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  18. Granville King (1999). The Implications of an Organization's Structure on Whistleblowing. Journal of Business Ethics 20 (4):315 - 326.score: 420.0
    Previous studies investigating reports of corporate or individual wrongdoing have failed to examine the effects of an organization's structure upon the decision to blow the whistle. This paper suggests that an organization's structure may perform a significant role in the decision to report versus not report an observed wrongdoing. Five organizational structures (that is, centralized, matrix, horizontal, hybrid, and divisional) were examined in regards to their effectiveness in encouraging or discouraging observers of unethical conduct channels for reporting such behavior. Discussion (...)
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  19. Daniel King (2004). Two-Dimensional Time: Macbeath's ``Time's Square'' and Special Relativity. Synthese 139 (3):421 - 428.score: 420.0
    Murray MacBeath, in his essay ``Time's Square'', describes a fictitious scenariowhere various physical observations made by the participants would, he claims, invitethe interpretation that time for them is two-dimensional. In the present paper, however, Iargue that such observations come close to underdetermining the hypothesis of time's twodimensionality;for a rival hypothesis - that, under certain circumstances, the observationscan be explained in terms of the familiar time dilation effects predicted by special relativity- almost fits the evidence as well. That is, under certain (...)
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  20. Barbara J. King (2008). Primates and Religion: A Biological Anthropologist's Response to J. Wentzel Van Huyssteen's Alone in the World? Zygon 43 (2):451-466.score: 420.0
    For a biological anthropologist interested in the prehistory of religion, J. Wentzel van Huyssteen's book is welcome and resonant. Van Huyssteen's central thesis is that humans' capacity for spirituality emerges from a transformation of cognition and emotions that takes place in the symbolic realm, within Homo sapiens and apart from biology. To his thesis I bring to bear three areas of response: the abundant cognitive and emotional capacities of living apes and extinct hominids; the role of symbolic ritual in the (...)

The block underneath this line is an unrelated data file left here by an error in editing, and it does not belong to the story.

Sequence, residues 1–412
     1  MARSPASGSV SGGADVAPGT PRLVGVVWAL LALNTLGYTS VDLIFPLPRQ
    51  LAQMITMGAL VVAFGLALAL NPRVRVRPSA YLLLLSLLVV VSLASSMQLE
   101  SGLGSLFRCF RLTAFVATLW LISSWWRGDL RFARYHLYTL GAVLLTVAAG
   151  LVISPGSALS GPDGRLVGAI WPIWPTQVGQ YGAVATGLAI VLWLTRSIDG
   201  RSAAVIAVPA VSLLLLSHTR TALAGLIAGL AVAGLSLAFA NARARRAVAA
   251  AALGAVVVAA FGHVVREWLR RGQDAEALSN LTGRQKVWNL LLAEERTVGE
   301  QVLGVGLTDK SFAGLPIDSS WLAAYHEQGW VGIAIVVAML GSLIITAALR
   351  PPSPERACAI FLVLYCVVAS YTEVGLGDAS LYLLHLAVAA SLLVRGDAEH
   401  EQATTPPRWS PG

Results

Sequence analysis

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  21. Sallie B. King (2006). An Engaged Buddhist Response to John Rawls's "The Law of Peoples". Journal of Religious Ethics 34 (4):637 - 661.score: 420.0
    In "The Law of Peoples", John Rawls proposes a set of principles for international relations, his "Law of Peoples." He calls this Law a "realistic utopia," and invites consideration of this Law from the perspectives of non-Western cultures. This paper considers Rawls's Law from the perspective of Engaged Buddhism, the contemporary form of socially and politically activist Buddhism. We find that Engaged Buddhists would be largely in sympathy with Rawls's proposals. There are differences, however: Rawls builds his view from the (...)
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  22. James M. King (2011). Hannah Arendt's Mythology: The Political Nature of History and Its Tales of Antiheroes. The European Legacy 16 (1):27-38.score: 420.0
    Current scholarship has focused on analyzing how Arendt's storytelling corresponds to her political arguments. In following up this discussion, I offer a closer examination of the unusual myth Arendt uses to explain the condition of the modern age, a myth she refers to as the ?political nature of history.? I employ literary terms along with the standard vocabulary of political theory in shaping this reading of Arendt. Following Robert C. Pirro, I also consider Arendt's story as a tragedy, but in (...)
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  23. Peter King (1987). Jean Buridan's Philosophy of Science. Studies in History and Philosophy of Science Part A 18 (2):109-132.score: 420.0